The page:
I’ve opted for a horse which should have a decent each way chance provided he gets plenty of rain, which is forecast between now and race time at 5.20pm. This John Berry-trained gelding looks the one to be on. Let's hope the rain materialises, we get the Going we want, and we get a result.
This six-year-old will be best suited by the rain forecasted to fall today at the track. He was a good 2nd of 10 off this mark when last seen back in May. He goes well when fresh, and the application of first-time blinkers may spark some improvement. He gets in here off a relatively low weight and jockey Amy Collier takes a useful 5lb off his back. I also think he will be suited by today's drop back to 1m2f, so he ticks a lot of boxes and looks worth an each way interest in this competitive 10-runner affair.
This Archie Watson-trained gelding finished last year on a high, winning easily at Redcar over this trip by 3.75 lengths and he may have more to offer this season. He returns from a 294-day break here but won coming off a similar break at the start of last season and he too won't be inconvenienced by the rain having won on Soft when last seen. He has the assistance of one of the better jockeys in Brodie Hampson in this Class 5 handicap for Female Amateur Jockeys and will be a danger to all if ready to fire on his seasonal debut.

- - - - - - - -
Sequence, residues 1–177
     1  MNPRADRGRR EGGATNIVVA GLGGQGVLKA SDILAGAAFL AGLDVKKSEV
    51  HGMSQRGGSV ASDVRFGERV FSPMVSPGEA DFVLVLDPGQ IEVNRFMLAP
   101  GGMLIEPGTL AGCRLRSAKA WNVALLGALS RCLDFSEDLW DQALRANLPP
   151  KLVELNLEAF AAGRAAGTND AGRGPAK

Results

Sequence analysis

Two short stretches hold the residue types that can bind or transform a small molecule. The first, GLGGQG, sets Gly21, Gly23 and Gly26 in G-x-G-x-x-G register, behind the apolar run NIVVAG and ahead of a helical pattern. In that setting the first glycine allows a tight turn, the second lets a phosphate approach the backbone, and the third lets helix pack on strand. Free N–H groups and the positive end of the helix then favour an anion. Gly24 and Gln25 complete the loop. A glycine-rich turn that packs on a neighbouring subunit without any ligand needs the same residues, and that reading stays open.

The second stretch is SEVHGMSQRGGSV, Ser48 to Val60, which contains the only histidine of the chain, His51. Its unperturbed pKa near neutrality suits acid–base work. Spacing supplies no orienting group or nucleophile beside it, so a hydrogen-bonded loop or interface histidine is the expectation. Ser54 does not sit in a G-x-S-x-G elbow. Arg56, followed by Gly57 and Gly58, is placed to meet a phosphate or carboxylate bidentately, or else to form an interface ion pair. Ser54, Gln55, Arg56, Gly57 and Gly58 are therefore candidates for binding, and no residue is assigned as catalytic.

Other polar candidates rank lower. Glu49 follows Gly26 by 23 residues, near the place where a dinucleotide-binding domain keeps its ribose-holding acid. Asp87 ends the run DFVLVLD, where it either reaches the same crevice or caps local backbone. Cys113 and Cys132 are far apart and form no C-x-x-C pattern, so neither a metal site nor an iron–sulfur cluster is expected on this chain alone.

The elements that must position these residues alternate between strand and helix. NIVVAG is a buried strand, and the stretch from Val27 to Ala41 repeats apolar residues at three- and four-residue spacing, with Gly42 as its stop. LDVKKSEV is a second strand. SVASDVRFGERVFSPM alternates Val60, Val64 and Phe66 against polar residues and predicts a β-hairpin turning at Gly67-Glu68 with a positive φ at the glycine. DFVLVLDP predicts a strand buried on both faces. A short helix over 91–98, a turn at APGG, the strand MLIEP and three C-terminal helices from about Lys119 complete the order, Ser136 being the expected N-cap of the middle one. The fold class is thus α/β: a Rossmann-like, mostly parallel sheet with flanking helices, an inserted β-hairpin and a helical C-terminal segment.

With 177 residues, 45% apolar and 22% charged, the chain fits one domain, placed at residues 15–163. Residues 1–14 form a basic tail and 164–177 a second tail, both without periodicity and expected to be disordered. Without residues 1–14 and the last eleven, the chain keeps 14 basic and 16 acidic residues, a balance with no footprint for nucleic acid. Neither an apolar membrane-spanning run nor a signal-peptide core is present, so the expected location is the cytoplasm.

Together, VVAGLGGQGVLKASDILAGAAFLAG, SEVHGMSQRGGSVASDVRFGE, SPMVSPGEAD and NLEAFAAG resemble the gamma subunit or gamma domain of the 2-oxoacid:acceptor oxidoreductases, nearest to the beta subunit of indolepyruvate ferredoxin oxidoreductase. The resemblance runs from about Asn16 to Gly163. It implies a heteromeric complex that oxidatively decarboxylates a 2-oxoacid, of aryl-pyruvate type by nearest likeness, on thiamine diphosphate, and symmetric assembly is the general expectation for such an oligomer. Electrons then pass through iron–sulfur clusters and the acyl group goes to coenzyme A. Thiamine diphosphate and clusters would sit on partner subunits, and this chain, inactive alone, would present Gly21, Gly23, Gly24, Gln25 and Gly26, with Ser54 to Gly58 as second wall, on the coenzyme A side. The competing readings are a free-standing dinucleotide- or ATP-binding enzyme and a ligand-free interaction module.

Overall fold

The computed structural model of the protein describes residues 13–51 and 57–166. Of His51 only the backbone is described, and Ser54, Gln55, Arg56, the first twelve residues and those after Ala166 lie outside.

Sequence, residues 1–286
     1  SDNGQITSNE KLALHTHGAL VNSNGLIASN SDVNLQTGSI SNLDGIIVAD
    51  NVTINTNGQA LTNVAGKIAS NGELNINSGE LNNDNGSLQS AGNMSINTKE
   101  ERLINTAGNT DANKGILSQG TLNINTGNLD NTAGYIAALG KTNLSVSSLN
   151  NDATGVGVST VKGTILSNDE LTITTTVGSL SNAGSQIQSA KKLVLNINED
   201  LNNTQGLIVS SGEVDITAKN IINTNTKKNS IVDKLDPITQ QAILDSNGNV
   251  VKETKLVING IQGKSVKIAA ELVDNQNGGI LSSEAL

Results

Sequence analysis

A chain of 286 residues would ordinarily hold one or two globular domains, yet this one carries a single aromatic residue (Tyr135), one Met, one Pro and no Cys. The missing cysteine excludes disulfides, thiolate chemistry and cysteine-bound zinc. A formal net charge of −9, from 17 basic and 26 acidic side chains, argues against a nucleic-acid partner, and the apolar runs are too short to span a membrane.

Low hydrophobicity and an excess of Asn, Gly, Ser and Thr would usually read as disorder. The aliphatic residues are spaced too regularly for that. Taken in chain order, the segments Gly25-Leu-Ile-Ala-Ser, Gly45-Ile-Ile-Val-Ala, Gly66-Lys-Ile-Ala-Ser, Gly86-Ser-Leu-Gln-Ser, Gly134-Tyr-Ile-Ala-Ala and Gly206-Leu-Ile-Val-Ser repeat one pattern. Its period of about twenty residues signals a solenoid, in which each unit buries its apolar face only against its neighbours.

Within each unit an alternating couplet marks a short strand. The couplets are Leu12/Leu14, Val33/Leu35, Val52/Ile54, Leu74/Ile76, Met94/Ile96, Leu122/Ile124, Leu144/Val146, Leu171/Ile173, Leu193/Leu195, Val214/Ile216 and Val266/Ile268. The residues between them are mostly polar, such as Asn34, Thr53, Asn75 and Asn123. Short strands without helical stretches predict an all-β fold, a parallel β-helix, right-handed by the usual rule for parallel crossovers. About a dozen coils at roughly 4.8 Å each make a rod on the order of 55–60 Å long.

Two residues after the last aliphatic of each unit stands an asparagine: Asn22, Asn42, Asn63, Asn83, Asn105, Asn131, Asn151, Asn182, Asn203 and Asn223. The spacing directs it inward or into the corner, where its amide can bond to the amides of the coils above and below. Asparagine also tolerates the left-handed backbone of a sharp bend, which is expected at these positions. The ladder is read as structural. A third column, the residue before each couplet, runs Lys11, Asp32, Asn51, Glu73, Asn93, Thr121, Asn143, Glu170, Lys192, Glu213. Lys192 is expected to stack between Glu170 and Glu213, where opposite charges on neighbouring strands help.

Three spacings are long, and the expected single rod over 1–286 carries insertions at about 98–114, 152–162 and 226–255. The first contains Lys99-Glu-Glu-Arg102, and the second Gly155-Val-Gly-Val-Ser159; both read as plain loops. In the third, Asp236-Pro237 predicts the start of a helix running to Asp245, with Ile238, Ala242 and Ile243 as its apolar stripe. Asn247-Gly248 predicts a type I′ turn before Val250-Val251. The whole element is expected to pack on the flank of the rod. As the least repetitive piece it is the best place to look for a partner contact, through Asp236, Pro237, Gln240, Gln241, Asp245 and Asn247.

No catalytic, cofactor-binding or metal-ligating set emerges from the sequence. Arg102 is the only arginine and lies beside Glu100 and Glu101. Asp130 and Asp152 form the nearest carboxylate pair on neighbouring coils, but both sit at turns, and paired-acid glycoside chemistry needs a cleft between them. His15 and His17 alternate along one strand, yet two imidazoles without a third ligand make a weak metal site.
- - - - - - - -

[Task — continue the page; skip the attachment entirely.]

The best horse racing tipsters will often suggest the number of points you should stake on each bet. For example, a two-point win, or a one point each way bet. This method can be used for all levels of horse racing bettor, as you decide how much each betting point is worth.
If you start with a total betting pot of £50, each point is worth 50p. If you start with £100, each point is worth £1. Simply divide your total betting pot by 100 to work out how much each point is worth.
Once you boost your betting bank by 50% with winnings, you should increase your point value accordingly. For example, if you build up 150 points, your point value should increase by 50%, so £1 becomes £1.50 and £5 becomes £7.50.
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